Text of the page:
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Unintended consequences of regionalizing specialized VA addiction services.

Wallace AE, West AN, Booth BM, Weeks WB. Unintended consequences of regionalizing specialized VA addiction services. Psychiatric services (Washington, D.C.). 2007 May 1; 58(5):668-74.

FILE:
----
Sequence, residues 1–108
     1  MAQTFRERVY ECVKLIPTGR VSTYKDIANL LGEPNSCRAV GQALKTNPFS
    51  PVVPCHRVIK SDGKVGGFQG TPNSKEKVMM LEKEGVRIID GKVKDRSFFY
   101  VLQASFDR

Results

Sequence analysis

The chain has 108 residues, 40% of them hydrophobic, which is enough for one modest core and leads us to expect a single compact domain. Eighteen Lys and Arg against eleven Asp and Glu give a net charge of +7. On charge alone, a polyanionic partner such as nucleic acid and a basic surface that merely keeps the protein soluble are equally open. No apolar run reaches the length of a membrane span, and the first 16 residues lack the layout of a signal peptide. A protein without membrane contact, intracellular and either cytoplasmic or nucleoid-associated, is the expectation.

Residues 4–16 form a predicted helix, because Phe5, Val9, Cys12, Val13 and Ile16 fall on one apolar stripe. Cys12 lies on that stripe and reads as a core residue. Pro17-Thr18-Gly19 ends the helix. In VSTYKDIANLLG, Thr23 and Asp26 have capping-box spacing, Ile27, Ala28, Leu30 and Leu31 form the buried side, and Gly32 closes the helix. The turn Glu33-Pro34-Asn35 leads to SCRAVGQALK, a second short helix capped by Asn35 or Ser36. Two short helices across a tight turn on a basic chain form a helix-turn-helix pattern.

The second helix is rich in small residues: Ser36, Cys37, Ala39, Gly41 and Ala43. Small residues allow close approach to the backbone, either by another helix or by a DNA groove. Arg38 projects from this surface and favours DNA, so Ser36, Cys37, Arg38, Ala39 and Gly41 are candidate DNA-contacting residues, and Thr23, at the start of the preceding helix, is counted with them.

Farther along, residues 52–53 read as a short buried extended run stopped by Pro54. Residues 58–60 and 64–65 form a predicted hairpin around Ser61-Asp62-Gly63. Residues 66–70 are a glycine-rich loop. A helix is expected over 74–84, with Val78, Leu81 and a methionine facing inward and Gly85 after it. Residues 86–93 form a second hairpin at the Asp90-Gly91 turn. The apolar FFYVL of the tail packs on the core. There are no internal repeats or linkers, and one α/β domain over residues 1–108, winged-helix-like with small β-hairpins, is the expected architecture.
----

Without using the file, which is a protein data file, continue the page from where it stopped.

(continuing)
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OBJECTIVE: From 1995 to 2000 the Department of Veterans Affairs (VA) dramatically reduced addiction treatment funding and regionalized specialized services to urban centers. By using New York State as an example, this study examined whether regionalization disproportionately affected rural versus urban veterans' use of VA and non-VA inpatient addiction services. METHODS: By using a comprehensive data set of VA and non-VA hospitalizations for 294,748 VA enrollees who were residents of New York State from 1998 to 2000, this study examined admission rates for addiction treatment to VA and non-VA centers to determine how rates differed between rural veterans and urban veterans. RESULTS: Between 1998 and 2000 rural veterans obtained 67% of their inpatient addiction care from the VA, compared with 54% for urban veterans (p < .001). Compared with 1998 levels, the odds ratios of admission to VA facilities for inpatient detoxification fell for both rural and urban veterans to .80 in 1999 and .65 in 2000 (both p < .05). Although odds ratios of non-VA inpatient admission for addiction treatment were stable over time for urban veterans, those for rural veterans fell from 1998 values, falling to .76 in 1999 (not significant) and .62 in 2000 (p < .001) for detoxification and to .66 in 1999 (not significant) and .51 in 2000 for rehabilitation (p < .05). Odds ratios for urban veterans' admission to VA facilities for rehabilitation fell to .51 in terms of 1998 rates in 1999 and .38 in 2000, but rural veterans' odds ratios fell more, to .31 and .16, respectively (p < .001 for all). CONCLUSIONS: In New York regionalization of VA addiction services disproportionately affected rural veterans. Rural veterans experienced concurrent reductions in VA and non-VA inpatient addiction services. The VA and other health care policy makers should consider the potential unintended consequences to rural populations of resource reallocation.

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